Optiminds has earned a reputation for helping to improve the study, reading, math and cognitive skills of students of all ages. We also have specialists in college counseling and athletic college prep counseling on our staff. Learn more about us by calling us today at (248) 496-0150 or by visiting us at: optimindsct.com.

Link Between ADHD and Dyslexia

June 9, 2014

learningdisability3As many as one in four children with attention deficit hyperactivity disorder (ADHD) also have dyslexia. And
between 15 and 40 percent of children with dyslexia have ADHD. With this in mind, it is important for parents to look at the whole picture when assessing your child’s performance.

Experts have found that similar areas of the brain are involved in both disorders—areas that lead to problems with executive function, memory, and processing symbols quickly. What’s different is how these disorders play out—dyslexic children have difficulty with reading and writing, while ADHD involves issues with behavior.

identify a learner’s strengths and developing strategies that compensate for weaknesses, we can design a learning program that focuses on:

Children with ADHD and dyslexia usually have normal to high intelligence and high creativity, but are frustrated academically. They tend to process information differently—relying more on auditory and tactile approaches—than other children.

If your child has either or both of these disorders, they may benefit from after-school tutoring. Optiminds can help you determine if your child has ADHD or dyslexia and design a customized program based on their strengths and weaknesses.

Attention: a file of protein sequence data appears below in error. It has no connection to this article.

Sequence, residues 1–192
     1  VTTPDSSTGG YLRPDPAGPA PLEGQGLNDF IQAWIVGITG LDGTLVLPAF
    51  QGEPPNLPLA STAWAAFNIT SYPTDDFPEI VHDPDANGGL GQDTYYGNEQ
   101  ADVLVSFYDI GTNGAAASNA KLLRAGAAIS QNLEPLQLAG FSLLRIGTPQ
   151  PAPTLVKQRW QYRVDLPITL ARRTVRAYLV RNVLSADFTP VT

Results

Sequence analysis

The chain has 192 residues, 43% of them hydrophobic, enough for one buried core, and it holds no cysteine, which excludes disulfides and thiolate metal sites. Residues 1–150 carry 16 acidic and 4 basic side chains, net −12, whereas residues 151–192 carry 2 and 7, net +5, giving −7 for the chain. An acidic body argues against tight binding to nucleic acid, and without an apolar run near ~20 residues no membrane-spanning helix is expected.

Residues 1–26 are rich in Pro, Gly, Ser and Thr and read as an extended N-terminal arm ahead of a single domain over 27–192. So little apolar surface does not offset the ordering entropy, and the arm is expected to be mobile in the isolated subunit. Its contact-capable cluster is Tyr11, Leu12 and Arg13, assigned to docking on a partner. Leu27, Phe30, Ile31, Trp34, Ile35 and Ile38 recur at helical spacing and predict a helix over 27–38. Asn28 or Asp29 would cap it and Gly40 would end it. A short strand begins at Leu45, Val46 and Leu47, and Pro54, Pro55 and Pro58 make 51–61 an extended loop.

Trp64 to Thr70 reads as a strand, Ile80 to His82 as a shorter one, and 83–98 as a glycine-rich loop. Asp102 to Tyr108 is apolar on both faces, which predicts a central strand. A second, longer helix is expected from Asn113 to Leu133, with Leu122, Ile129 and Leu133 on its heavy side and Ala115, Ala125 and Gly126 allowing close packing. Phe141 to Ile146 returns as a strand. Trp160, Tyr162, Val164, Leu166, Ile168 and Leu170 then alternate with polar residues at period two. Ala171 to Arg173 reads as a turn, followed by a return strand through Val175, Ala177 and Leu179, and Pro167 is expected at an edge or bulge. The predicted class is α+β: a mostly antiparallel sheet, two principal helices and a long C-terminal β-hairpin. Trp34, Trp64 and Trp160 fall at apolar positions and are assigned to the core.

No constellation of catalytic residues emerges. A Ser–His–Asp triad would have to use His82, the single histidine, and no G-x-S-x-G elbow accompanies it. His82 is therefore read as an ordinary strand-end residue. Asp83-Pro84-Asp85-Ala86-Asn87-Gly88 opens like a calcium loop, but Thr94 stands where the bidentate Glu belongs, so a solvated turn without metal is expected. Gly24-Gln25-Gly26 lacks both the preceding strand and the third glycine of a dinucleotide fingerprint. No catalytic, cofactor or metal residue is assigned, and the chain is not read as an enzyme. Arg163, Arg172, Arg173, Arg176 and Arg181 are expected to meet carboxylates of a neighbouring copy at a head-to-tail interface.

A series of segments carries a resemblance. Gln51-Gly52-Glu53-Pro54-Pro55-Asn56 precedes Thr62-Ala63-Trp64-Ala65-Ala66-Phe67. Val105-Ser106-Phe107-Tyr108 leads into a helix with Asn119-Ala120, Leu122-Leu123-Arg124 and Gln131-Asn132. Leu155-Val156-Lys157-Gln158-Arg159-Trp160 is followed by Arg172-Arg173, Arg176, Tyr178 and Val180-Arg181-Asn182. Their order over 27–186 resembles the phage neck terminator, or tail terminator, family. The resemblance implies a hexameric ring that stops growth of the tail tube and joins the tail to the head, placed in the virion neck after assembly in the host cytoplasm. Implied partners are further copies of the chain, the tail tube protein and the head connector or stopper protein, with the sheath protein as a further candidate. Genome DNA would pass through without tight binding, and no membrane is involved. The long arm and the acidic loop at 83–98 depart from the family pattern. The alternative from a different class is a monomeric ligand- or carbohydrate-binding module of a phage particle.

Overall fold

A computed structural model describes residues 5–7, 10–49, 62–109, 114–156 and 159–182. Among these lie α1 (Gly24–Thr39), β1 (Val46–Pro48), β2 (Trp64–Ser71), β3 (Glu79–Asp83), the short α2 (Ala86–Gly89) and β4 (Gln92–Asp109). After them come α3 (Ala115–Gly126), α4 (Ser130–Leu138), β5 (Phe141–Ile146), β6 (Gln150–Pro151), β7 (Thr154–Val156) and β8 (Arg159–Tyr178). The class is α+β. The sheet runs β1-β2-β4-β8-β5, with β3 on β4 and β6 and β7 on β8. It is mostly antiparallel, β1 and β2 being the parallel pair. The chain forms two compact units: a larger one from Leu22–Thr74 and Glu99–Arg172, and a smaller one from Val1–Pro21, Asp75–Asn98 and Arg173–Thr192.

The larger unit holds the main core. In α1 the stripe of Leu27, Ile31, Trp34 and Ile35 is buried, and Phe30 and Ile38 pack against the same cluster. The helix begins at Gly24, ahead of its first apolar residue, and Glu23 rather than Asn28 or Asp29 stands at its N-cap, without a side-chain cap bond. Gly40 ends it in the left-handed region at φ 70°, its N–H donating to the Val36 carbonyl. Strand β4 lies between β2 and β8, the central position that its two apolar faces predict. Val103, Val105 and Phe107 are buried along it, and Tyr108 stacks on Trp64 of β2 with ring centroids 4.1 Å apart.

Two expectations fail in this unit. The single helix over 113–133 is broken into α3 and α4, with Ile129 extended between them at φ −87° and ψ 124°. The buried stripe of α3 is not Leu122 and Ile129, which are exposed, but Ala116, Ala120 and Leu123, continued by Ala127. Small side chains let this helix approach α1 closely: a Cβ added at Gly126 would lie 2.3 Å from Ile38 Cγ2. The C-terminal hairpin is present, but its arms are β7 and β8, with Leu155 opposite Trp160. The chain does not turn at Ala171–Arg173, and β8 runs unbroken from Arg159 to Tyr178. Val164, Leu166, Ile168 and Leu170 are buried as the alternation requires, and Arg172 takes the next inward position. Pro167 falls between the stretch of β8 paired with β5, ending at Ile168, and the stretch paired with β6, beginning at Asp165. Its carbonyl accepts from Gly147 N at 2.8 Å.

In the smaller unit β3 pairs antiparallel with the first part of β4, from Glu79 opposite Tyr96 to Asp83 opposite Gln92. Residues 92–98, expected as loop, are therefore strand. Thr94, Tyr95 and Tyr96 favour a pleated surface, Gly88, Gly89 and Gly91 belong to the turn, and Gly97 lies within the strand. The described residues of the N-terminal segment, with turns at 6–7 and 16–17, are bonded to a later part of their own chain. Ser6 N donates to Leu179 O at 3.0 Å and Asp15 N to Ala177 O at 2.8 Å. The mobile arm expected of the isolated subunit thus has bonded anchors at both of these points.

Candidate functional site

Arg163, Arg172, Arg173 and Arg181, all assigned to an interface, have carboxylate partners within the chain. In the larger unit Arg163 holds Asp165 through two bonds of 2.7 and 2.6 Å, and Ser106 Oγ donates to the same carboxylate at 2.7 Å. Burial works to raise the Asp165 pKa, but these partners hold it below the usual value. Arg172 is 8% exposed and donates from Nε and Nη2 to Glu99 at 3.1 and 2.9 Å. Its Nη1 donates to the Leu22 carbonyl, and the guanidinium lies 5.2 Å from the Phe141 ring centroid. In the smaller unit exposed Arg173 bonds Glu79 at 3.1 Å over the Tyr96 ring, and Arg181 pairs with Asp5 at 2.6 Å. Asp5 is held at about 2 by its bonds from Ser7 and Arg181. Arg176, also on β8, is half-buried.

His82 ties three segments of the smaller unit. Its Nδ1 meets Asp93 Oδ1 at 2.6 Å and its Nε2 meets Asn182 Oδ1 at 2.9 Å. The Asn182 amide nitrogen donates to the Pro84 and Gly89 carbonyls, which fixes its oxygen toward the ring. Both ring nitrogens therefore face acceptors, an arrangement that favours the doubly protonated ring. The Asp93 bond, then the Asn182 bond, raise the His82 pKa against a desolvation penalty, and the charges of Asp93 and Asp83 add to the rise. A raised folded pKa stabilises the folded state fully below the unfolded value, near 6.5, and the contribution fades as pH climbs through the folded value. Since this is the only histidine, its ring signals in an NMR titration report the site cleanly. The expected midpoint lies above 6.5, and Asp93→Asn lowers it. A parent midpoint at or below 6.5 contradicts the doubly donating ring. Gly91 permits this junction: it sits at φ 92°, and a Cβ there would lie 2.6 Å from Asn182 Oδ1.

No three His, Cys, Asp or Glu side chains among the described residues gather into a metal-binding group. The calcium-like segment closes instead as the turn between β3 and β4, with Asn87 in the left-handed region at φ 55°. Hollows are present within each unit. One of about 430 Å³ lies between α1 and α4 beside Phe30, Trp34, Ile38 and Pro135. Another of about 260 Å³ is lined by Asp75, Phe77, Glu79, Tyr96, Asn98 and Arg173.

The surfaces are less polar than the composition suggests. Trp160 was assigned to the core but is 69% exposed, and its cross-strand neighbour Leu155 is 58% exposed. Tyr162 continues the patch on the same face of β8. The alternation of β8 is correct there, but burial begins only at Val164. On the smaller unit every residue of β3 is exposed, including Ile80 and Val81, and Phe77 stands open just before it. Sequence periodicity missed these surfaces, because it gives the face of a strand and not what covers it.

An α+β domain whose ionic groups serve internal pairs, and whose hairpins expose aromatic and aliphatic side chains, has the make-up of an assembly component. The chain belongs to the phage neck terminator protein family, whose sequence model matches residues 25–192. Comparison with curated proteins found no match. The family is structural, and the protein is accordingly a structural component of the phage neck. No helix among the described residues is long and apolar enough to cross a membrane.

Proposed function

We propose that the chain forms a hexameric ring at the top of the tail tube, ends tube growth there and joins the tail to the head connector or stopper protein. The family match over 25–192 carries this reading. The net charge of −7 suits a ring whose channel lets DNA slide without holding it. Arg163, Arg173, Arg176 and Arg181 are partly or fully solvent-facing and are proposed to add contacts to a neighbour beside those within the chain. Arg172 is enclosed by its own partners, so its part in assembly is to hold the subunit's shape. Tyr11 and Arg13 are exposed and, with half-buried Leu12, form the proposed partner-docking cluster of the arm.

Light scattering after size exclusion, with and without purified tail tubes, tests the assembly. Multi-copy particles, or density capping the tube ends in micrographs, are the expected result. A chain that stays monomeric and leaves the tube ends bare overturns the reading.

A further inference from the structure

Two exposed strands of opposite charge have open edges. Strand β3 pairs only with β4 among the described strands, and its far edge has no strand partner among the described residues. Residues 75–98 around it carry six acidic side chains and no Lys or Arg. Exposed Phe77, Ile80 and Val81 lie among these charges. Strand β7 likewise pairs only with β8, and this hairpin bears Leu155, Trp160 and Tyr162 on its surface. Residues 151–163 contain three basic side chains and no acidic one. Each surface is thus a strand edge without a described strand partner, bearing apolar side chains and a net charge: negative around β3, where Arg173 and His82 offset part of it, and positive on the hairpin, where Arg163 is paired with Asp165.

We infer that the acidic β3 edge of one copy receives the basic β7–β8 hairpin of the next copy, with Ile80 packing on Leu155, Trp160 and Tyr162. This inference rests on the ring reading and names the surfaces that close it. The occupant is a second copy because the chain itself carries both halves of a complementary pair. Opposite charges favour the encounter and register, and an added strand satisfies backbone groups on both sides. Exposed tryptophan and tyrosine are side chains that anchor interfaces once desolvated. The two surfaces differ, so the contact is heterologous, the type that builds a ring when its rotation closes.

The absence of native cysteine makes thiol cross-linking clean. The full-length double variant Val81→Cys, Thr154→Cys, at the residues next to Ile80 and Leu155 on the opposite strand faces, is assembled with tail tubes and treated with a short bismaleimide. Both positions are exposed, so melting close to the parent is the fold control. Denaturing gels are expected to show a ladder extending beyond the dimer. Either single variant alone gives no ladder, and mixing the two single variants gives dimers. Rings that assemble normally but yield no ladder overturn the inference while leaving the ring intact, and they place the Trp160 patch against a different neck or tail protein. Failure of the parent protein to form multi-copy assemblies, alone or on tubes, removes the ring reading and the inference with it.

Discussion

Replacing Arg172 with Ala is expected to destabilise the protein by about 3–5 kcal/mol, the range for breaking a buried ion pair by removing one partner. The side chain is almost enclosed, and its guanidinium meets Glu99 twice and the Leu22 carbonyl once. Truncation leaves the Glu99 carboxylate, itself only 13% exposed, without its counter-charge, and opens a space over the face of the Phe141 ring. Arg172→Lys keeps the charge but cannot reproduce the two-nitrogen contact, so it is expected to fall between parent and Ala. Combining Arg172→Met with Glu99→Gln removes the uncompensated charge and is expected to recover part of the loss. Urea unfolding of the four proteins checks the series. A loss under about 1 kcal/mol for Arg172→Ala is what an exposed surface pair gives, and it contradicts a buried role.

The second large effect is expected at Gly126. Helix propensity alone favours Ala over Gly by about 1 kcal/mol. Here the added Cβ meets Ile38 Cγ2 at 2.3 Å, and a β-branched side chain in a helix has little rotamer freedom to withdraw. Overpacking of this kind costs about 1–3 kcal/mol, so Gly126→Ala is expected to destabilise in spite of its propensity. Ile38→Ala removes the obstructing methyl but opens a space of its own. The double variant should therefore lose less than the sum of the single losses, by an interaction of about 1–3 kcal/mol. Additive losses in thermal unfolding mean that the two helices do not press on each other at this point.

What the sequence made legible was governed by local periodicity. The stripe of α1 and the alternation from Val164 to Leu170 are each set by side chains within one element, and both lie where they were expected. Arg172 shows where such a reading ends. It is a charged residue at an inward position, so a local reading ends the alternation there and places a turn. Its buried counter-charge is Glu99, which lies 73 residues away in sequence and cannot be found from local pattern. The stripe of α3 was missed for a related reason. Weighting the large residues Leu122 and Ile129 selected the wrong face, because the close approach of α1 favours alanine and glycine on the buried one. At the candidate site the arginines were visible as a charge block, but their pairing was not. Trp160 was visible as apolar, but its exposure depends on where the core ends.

Optiminds has earned a reputation for helping to improve the study, reading, math and cognitive skills of students of all ages. We also have specialists in college counseling and athletic college prep counseling on our staff. Learn more about us by calling us today at (248) 496-0150 or by visiting us at: optimindsct.com.

Tutoring for Children with Learning Disabilities

July 15, 2013

learndisability1If your child has learning disabilities or Attention-Deficit Hyperactivity Disorder (ADHD), they could benefit greatly from the one-on-one attention provided by a qualified tutor. Working in concert with parents and teachers, a tutor can help your child by reinforcing specific subject matter, helping with homework, suggesting improvements in organization and other study skills, and serving to bolster your child’s self-confidence.

A recommendation that your child might profit from working with a tutor often comes from a teacher or a school’s learning specialist or guidance counselor. But as a parent, you are the one who has the deepest insight into your child’s needs and may see the need for tutoring before the school does.

You may want to investigate tutoring for your child if you answer “yes” to one or more of the following questions:

  • Is there a particular subject or type of assignment that almost always gives my child trouble?
  • Does my child have difficulty studying effectively for tests?
  • Does my child have trouble with “executive skills” such as organizing, planning, or seeing a project through to completion?
  • Is my child unhappy or anxious about schoolwork?
  • Is completing homework a recurring battle in my family?
  • Has my child’s teacher (or guidance counselor or learning specialist) suggested tutoring?

Tutoring should not be solely about getting better grades. A tutor can also help your child improve skills and develop more effective ways to study and get their homework done. Your child’s progress depends on many things: the number of sessions, a tutor’s strategies, your child’s cooperation and mood, the assistance of teachers, and the help and support you provide as a parent.

Dr. Jane Stewart at Optiminds has earned a reputation for helping to improve the study, reading, math and cognitive skills of students of all ages. Learn more about Optiminds’ customized tutoring programs by calling Dr. Stewart today at (248) 496-0150 or email her at: jstewart@optimindsct.com. And be sure to visit the Optiminds website at: optimindsct.com.